Learn how and why Seeger went from the top of the charts to the top of the blacklist
Monday, August 29, 2011
Largely misunderstood by his critics, including the U.S. government, for his views on peace, civil rights and ecology, folk singer and songwriter Pete Seeger went from the top of the hit parade to the top of the blacklist—banned from commercial television for more than 17 years.
Learn more about Seeger in an encore presentation of American Masters’ “Pete Seeger: The Power of Song.” Seeger wrote many of America’s best known folk songs, including “Where Have All The Flowers Gone,” “If I Had A Hammer,” “Turn Turn Turn” and “Wimoweh.”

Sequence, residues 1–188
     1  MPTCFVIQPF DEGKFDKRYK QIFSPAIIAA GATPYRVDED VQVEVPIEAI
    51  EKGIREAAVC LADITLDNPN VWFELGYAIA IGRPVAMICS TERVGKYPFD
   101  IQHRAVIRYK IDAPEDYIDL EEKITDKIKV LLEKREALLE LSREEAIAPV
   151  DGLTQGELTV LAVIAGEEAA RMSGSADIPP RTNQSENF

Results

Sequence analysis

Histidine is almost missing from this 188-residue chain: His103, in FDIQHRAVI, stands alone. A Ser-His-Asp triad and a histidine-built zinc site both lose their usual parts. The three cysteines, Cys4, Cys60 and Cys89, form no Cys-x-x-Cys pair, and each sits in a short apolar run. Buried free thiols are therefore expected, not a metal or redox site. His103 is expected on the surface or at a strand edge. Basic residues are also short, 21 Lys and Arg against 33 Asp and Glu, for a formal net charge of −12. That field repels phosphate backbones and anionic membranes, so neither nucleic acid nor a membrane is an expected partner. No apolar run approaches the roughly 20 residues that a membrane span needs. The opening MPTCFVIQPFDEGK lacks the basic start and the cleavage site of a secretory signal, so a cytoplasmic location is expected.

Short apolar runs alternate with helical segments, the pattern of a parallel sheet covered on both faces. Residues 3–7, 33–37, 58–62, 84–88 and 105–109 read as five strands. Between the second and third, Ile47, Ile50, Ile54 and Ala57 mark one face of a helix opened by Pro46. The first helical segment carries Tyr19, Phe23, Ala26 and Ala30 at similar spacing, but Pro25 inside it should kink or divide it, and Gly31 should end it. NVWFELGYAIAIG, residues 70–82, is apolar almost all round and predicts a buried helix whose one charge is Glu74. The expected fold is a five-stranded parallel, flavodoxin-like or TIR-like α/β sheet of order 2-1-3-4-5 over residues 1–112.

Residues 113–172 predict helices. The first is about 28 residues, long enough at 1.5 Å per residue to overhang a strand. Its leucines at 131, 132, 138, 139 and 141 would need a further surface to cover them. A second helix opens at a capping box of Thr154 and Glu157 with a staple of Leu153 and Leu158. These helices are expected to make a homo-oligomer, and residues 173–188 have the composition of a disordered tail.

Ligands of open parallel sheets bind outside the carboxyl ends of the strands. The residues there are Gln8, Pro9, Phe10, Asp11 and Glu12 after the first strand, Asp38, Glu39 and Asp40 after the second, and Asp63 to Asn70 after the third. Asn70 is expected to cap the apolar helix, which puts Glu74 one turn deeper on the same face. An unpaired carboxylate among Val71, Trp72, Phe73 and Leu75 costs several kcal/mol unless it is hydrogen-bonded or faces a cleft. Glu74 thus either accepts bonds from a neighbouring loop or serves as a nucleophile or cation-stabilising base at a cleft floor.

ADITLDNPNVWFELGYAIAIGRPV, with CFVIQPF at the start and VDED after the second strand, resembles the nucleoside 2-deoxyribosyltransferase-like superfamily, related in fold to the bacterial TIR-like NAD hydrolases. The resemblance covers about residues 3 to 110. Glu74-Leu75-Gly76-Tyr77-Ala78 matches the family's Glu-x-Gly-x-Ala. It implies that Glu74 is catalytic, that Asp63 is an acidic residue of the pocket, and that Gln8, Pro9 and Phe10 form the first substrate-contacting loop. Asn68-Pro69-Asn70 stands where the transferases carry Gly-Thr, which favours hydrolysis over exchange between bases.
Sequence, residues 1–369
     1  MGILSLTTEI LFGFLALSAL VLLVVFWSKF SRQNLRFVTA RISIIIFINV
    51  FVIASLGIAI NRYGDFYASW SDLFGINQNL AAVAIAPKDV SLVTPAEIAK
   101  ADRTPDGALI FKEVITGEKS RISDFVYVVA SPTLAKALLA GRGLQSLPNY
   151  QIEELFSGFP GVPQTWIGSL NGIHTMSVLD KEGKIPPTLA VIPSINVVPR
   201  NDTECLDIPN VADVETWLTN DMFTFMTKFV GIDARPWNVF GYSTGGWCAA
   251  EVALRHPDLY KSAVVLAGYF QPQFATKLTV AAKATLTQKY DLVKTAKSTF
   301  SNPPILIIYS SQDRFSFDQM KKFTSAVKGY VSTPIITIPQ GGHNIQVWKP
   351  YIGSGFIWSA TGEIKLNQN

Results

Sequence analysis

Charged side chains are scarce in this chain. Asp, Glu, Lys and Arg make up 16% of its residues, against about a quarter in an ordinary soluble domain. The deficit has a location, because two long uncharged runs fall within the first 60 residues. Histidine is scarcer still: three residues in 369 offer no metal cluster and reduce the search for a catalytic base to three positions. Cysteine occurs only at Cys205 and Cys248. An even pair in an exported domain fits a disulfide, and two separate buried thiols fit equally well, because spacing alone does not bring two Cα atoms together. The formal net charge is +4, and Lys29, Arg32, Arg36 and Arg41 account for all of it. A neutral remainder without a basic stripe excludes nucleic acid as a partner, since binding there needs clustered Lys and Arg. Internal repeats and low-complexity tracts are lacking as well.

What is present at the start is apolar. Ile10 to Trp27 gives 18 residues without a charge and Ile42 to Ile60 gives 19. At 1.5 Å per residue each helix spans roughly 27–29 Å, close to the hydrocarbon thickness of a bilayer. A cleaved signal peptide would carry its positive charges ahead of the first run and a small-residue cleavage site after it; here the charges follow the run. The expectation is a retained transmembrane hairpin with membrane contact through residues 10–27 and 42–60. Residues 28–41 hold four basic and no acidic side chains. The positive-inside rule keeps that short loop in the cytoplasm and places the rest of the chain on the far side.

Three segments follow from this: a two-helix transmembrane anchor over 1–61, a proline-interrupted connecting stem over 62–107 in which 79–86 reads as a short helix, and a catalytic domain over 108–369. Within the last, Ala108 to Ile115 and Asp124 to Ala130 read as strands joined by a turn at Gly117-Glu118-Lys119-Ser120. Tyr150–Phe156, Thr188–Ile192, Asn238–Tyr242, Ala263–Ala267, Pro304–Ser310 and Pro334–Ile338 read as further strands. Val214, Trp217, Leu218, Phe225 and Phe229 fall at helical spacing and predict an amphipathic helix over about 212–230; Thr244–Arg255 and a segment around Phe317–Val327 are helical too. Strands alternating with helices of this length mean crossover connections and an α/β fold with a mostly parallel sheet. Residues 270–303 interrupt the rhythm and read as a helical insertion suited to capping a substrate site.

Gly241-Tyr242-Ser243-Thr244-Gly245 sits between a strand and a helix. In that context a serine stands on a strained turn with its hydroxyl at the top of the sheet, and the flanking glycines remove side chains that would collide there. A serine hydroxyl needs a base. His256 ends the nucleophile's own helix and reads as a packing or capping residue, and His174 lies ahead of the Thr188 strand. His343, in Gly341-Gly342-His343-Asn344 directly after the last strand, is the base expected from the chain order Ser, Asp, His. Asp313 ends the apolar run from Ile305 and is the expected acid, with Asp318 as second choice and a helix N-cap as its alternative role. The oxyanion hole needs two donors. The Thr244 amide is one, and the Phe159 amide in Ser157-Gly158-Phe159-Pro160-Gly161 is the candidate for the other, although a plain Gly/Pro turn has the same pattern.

Born in 1919 to music professors whose families traced their ancestry back to the Mayflower, Seeger attended Harvard for two years before leaving. In 1942, he was drafted into the Army, and before shipping out, Seeger married Toshi-Aline Ohta, the daughter of a Japanese exile of noble descent and an American woman from an old Virginia family.
Seeger’s long career earned him a Grammy Lifetime Achievement Award in 1993 and an induction into the Rock and Roll Hall of Fame in 1996.
American Masters’ “The Power of Song” with Pete Seeger airs tonight at 9/8 pm CT on KET.